For the most basic caption help, ad-cluttered websites like igcaptions.com and bestgoodcaptions.com provide exactly what you think they do, utilizing SEO-friendly headlines like “200+ best and cool attitude captions for Instagram for boys, girls, and selfie quotes.” These posts appear to be written for optimal copy and pasting, often without emoji or other characters (perhaps leaving at least that final touch-up to the account holder).

The caption market is also quickly becoming dominated by app entrepreneurs. InstaCaptions lets users search by topic for captions, some of which are crowdsourced. The CaptionExpert app has a $3.99 a month premium feature that gets you “unlimited hashtag exploring, access to app captions and categories, [and] unlimited keyword searching.” Some apps rely on machine-learning algorithms to analyze a photo and generate a caption, no human input required. Young, digital-native programmers are responding to this demand. Issa Caption is the brainchild of Nathan Leung, Samay Shamdasani, and Rohan Bhatia. Leung and Bhatia created the app during their senior year of high school, and later met Shamdasani through a University of Pennsylvania hackathon and brought him on to help as well. (Leung and Bhatia are now in college; Shamdasani is a senior in high school.) Issa Caption scans user-submitted photos and generates “related” hip-hop lyrics. If users want more caption options, they can watch video ads to earn more “guap.”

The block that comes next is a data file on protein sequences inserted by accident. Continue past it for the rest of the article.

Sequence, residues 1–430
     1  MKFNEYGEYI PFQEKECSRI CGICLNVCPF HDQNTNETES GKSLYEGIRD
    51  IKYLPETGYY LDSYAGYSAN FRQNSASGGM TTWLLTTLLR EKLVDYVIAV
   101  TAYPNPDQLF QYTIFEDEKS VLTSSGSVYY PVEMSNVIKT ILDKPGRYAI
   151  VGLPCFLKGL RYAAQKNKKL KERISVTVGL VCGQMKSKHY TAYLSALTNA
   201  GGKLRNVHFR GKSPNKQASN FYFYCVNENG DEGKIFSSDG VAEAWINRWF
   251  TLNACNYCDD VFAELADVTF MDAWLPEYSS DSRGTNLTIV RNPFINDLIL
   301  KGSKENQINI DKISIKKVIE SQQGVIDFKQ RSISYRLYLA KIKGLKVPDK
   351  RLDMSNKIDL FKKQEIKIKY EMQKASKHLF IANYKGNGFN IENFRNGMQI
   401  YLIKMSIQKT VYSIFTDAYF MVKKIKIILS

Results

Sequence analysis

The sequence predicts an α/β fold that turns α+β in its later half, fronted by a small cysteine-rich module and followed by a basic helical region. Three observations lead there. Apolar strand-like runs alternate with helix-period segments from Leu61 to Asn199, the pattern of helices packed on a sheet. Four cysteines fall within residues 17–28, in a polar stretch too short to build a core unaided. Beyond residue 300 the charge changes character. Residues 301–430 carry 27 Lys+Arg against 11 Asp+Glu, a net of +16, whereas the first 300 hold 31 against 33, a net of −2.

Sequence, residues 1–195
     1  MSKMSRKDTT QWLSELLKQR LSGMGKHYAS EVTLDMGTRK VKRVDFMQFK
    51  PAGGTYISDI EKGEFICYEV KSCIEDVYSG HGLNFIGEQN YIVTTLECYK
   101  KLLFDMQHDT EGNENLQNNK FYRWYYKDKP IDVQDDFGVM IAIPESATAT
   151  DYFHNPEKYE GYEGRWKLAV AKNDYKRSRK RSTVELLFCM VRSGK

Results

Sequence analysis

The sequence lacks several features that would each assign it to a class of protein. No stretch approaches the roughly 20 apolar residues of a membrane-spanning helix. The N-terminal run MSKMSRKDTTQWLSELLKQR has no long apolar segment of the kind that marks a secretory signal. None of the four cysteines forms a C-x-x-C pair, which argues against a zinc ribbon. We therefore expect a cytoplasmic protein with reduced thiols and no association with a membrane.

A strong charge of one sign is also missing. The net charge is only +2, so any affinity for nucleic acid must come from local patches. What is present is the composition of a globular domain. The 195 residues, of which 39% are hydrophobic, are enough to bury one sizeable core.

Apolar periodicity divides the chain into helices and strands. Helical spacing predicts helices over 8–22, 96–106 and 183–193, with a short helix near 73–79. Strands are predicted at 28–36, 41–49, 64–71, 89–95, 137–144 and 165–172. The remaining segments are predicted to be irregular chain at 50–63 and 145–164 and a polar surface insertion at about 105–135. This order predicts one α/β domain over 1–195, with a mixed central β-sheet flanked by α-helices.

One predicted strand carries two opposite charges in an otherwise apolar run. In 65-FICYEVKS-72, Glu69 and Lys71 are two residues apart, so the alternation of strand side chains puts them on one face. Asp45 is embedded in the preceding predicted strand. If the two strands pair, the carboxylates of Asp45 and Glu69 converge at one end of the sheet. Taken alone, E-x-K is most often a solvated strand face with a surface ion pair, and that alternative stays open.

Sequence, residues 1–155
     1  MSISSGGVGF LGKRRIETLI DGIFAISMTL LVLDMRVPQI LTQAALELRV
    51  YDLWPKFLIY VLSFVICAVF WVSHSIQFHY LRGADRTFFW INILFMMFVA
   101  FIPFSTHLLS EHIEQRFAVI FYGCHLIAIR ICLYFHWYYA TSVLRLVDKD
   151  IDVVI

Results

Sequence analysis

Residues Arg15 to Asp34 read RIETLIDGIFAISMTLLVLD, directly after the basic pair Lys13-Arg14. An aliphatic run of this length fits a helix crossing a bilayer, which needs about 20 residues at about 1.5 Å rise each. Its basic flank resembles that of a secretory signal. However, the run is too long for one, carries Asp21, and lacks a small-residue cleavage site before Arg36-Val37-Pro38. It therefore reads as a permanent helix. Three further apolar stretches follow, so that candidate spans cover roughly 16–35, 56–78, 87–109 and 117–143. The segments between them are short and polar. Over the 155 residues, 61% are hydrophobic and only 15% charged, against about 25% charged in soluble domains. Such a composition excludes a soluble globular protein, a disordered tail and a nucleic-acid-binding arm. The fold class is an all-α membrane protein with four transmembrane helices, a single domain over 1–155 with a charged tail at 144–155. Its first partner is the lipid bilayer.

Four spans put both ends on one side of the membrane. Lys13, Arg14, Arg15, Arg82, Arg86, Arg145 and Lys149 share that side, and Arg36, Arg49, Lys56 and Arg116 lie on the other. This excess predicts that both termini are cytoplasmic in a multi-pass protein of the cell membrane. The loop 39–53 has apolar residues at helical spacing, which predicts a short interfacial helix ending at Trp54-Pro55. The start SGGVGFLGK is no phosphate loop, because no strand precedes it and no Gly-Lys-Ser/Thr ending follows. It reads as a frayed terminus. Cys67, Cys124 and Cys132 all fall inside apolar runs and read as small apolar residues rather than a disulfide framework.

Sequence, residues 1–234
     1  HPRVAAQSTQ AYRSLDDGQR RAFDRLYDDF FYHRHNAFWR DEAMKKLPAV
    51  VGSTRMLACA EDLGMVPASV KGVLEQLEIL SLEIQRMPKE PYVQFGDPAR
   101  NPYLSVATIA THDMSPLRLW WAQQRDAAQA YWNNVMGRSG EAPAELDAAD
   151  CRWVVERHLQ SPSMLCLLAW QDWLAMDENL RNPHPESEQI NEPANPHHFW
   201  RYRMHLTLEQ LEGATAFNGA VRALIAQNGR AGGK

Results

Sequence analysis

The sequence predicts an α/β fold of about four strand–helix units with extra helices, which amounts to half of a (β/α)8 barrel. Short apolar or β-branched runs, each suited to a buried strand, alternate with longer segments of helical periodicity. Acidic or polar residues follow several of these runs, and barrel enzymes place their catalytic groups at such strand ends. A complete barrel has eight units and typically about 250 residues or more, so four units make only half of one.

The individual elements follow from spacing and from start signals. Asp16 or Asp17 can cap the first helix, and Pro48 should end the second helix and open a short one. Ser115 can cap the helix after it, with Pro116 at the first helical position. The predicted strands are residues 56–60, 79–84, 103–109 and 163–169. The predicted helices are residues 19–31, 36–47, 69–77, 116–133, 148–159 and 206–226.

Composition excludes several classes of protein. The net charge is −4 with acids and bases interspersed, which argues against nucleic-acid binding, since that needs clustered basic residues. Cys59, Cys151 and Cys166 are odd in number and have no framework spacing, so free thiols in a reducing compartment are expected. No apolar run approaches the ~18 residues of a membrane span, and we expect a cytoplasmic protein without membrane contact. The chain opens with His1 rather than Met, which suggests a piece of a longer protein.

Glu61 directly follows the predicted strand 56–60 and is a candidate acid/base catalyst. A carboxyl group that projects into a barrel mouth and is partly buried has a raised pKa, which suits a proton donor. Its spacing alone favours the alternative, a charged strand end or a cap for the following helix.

Leung says that seeing their friends constantly looking for captions inspired them to create the app. “Some people even had whole folders in their Notes app on their phone filled with potential Instagram caption ideas,” Leung says, adding that queries for good captions would also frequently pop up in group texts. Caption apps on the market were disappointing, so the three decided to make their own—with a rap bent, because they saw it was a popular caption genre.